Joseph Conrad, Ridley Scott, and the changed face of the dystopian oppressor in fiction and film
thesisposted on 28.03.2022, 18:41 by Patrick Pearson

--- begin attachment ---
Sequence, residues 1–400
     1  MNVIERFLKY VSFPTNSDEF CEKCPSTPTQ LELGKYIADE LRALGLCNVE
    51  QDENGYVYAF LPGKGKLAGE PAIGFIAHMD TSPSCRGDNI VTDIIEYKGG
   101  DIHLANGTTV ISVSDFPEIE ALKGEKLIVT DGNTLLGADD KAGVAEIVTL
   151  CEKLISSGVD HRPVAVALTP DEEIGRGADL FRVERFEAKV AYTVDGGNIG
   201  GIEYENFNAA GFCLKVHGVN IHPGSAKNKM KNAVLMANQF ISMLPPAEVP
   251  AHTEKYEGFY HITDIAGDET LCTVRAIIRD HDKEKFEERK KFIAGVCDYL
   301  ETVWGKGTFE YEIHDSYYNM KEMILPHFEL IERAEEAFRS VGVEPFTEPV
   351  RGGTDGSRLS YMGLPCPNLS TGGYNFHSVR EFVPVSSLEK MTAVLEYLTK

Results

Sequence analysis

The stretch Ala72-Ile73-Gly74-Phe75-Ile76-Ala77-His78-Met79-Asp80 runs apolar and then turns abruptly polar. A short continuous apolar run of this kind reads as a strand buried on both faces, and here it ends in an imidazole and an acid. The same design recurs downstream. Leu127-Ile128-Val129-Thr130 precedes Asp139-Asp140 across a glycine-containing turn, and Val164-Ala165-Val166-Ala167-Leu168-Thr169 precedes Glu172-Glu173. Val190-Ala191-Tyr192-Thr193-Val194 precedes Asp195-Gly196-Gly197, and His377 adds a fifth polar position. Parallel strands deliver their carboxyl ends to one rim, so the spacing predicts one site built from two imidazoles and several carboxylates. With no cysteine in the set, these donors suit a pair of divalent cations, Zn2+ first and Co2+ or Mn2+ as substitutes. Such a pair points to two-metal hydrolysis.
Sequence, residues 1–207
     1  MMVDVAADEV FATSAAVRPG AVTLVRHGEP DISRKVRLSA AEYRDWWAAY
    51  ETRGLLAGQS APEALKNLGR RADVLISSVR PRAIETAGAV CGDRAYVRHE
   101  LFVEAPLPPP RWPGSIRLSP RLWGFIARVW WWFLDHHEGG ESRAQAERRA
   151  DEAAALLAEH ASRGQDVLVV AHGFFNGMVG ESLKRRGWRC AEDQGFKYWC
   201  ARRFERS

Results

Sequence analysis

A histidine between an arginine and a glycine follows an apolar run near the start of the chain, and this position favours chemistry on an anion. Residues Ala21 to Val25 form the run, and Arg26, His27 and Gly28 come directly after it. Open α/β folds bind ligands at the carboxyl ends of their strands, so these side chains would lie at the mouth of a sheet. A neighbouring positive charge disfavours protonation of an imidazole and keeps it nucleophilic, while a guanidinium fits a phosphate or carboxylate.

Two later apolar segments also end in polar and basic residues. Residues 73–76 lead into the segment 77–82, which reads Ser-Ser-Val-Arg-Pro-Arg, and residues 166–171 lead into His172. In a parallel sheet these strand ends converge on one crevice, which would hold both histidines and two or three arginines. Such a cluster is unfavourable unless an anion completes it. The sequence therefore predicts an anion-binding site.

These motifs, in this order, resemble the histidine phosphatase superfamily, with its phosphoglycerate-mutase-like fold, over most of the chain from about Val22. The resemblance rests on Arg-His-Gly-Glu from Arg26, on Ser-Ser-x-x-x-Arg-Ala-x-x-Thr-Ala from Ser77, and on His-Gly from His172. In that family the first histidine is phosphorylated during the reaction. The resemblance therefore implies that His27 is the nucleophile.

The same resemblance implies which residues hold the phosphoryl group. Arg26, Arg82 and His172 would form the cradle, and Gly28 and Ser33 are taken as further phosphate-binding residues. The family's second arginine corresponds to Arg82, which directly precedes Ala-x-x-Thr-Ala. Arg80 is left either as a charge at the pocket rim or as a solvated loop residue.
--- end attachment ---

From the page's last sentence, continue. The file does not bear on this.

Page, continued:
Dystopian fiction and film over the past fifty years have seen a shift in the way the oppressor in dystopian scenarios is represented. The revised depiction of the agency of repression has moved from the State as dystopian tormentor to the Corporation as the new subjugator, and envisages capitalism run rampant and the Corporation grown all-powerful, corrupt and tyrannical. This thesis examines the genesis of two filmic texts of the late twentieth century, Alien and Blade Runner, both directed by Ridley Scott, which have been influential in framing the modern cultural metanarrative around fears that globalised capitalism may have catastrophic consequences for future society. Arguing that Joseph Conrad has been a strong stylistic and thematic influence upon Scott’s early work, and through Scott upon subsequent dystopian texts, I first investigate Scott’s familiarity with Conrad’s writing, then closely analyse Conrad’s 1904 novel Nostromo and the two seminal Scott films. I suggest that Conrad’s fiction anticipates the four fears underlying Scott’s films: that runaway capitalism will spawn neo-imperialist corporate oligarchies; that these will commercialise and commoditise life; that they will ruin the environment; and that they will globalise tyranny. Conceptualised through the critical lenses of Postcolonial and Globalisation Studies, and employing a New Formalist approach to textual analysis, the study concludes that Conrad has been integral to the change of identity of the oppressor in late twentieth-century and early twenty-first century dystopian texts.